While holidays may seem trite and ineffective at promoting the values they represent—Does Christmas generate Christian values?—they nonetheless retain the capacity of drawing peoples’ attention away from the status quo of everyday life. In fact, in the case of efforts at establishing new holidays, the public struggle for recognition may create a maelstrom of controversy and debate. One need only think back to when Martin Luther King Jr Day was considered a subversive, un-American idea.
While Indigenous Peoples Day may not be instigating the kind of passionate reactions that MLK Day once inspired, its message is no less profound—the abolishment of Columbus Day and the heinous crime of colonization that it symbolizes. In its place is a recognition that America is Indian Land and that America’s First Peoples are still here, complete with a celebration of our survival, our communities, and cultures.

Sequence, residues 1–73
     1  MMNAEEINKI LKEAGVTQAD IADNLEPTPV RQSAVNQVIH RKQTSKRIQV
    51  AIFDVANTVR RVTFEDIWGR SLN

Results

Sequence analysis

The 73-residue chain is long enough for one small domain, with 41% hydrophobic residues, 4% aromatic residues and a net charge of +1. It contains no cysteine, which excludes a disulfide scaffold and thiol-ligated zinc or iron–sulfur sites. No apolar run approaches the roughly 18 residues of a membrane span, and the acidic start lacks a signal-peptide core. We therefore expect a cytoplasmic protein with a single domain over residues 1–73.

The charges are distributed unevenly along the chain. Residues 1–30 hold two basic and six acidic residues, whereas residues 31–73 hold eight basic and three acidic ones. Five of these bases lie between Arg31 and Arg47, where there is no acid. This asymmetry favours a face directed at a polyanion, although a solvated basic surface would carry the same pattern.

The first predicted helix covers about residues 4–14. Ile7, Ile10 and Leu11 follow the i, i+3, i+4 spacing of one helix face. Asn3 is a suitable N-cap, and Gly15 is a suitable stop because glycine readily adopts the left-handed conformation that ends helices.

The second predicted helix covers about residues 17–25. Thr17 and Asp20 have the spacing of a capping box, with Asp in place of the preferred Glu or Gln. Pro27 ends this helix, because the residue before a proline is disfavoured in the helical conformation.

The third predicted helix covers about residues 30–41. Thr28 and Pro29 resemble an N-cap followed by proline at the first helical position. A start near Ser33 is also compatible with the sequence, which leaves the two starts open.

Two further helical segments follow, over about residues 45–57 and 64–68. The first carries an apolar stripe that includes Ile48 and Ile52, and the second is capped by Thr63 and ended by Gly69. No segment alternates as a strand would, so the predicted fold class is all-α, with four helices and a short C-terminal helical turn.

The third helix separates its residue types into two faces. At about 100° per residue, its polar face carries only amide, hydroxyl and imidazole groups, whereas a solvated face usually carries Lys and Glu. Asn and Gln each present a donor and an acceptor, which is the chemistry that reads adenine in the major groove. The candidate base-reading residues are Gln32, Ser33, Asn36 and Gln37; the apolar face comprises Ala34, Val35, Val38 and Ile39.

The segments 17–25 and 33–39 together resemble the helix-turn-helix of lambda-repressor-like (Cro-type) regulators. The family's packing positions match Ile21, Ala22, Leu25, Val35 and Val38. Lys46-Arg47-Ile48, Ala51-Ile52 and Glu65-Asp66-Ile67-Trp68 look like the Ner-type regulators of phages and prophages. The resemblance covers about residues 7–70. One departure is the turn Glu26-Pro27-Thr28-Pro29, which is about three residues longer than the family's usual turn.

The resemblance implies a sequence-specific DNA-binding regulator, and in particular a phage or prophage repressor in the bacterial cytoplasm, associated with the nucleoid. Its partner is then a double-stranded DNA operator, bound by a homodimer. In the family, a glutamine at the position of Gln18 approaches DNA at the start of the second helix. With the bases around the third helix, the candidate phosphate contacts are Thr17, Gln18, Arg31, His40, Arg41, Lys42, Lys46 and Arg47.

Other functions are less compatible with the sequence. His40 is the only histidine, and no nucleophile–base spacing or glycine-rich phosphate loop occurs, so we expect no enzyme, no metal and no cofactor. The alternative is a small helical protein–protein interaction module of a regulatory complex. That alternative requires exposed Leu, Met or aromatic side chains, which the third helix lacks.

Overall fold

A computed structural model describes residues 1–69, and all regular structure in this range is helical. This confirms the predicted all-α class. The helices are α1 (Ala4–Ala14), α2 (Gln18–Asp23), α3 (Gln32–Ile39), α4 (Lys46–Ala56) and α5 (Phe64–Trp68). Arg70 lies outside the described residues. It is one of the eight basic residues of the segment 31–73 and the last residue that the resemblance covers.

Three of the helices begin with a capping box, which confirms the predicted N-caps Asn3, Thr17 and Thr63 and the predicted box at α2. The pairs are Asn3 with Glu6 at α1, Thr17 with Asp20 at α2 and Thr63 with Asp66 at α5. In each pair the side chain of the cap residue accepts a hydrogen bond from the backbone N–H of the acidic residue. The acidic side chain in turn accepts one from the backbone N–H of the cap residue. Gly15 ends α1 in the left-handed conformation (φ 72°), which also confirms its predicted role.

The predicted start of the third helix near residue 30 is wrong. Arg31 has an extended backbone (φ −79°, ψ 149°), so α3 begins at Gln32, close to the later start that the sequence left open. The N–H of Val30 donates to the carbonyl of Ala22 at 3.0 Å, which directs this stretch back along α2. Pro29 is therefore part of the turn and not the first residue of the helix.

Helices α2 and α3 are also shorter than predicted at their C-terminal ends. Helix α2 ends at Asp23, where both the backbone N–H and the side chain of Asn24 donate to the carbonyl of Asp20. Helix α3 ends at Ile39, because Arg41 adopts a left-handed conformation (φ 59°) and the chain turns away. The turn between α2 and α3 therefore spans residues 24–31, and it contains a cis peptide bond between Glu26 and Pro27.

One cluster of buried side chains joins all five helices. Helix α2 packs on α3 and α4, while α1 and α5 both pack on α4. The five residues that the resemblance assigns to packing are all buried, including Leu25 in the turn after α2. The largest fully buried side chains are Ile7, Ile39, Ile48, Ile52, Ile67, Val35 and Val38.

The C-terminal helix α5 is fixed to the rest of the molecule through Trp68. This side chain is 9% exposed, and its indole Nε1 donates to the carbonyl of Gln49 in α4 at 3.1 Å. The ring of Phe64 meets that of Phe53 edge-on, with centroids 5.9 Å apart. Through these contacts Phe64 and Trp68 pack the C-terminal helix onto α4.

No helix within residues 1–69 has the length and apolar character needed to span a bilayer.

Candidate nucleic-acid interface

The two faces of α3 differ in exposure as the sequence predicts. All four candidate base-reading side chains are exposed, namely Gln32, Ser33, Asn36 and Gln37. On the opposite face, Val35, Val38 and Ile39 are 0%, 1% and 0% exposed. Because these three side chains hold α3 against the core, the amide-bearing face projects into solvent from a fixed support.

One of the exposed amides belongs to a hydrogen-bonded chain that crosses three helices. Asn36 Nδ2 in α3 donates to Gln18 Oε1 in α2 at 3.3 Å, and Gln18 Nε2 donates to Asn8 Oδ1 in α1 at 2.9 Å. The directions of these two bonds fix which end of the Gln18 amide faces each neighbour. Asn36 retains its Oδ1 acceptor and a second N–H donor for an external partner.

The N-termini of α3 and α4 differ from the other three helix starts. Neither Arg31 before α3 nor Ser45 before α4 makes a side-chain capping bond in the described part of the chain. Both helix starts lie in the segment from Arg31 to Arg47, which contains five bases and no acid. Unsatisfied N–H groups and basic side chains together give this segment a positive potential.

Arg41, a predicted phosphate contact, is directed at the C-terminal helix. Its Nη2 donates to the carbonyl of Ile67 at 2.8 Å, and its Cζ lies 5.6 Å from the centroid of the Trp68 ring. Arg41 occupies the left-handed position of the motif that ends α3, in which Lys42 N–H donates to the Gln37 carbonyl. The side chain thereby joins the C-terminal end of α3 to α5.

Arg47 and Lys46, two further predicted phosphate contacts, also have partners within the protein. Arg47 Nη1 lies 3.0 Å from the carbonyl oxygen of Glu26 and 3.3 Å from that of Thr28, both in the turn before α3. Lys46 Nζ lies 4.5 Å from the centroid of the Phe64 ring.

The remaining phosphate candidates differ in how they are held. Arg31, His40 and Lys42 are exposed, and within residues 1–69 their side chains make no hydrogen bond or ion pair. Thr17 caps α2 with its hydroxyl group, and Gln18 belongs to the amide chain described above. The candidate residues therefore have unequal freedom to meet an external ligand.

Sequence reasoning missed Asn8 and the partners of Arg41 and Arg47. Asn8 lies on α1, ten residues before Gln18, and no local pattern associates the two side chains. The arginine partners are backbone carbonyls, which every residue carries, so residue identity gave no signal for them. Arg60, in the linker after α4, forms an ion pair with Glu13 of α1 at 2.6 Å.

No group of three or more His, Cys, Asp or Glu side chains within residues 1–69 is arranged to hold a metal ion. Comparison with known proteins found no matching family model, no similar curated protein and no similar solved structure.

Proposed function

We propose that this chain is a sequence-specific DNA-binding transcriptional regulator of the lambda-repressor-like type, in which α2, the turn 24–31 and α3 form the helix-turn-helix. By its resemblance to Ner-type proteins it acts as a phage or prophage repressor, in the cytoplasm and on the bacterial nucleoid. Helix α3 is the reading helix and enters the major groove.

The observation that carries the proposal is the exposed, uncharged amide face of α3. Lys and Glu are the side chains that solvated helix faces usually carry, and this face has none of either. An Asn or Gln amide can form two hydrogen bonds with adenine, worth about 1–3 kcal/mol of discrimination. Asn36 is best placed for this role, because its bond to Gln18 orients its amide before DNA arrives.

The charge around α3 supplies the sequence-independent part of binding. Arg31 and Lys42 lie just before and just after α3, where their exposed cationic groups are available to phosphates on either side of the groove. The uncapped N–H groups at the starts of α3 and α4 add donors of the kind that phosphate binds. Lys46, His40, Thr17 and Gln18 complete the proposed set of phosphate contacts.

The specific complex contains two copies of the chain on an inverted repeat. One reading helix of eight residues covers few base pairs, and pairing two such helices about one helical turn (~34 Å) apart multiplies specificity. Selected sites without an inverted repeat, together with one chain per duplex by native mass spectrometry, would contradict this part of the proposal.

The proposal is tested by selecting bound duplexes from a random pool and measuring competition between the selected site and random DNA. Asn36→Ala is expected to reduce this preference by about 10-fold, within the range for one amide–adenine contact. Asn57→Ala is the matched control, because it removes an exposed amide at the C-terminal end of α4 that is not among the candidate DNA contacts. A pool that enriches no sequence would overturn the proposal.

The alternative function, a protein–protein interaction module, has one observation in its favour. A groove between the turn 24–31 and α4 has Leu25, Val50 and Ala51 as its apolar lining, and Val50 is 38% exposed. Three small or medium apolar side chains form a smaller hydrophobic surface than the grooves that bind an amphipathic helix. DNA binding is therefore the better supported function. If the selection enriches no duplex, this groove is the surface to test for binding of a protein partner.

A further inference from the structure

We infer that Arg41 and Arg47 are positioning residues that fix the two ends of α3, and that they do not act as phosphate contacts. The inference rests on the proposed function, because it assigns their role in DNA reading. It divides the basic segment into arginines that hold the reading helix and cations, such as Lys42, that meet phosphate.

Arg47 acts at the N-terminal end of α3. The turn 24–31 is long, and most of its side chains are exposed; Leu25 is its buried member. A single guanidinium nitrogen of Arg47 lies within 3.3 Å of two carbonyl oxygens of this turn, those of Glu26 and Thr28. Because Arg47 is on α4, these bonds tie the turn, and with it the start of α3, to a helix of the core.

Although it will take an Act of Congress to make Indigenous Peoples Day a federal holiday, like MLK Day or Thanksgiving, the idea behind this Day is an idea whose time has come. As of October 10, 2016, the following cities have adopted IPD in place of Columbus Day: Berkeley (CA), Denver (CO), Minneapolis (MN), Seattle (WA), Red Wing (MN), Grand Rapids (MN), Traverse (MI), Newstead (NY), Akron (NY), St Paul (MN), Olympia (WA), Lewiston (NY), Anadarko (OK), Anchorage (AK), Portland (OR), Carborro (NC), Albuquerque (NM), San Francisco (CA), Belfast (ME), Durango (CO), Asheville (NC), Eugene (OR), Cambridge (MA), Bainbridge Island (WA), Santa Fe (NM), Yakima (WA), and Phoenix (AZ).
Below are two short videos that I recorded this past Friday, October 7 at Arizona State University, Tempe Campus, which was celebrating its inaugural Indigenous Peoples Day: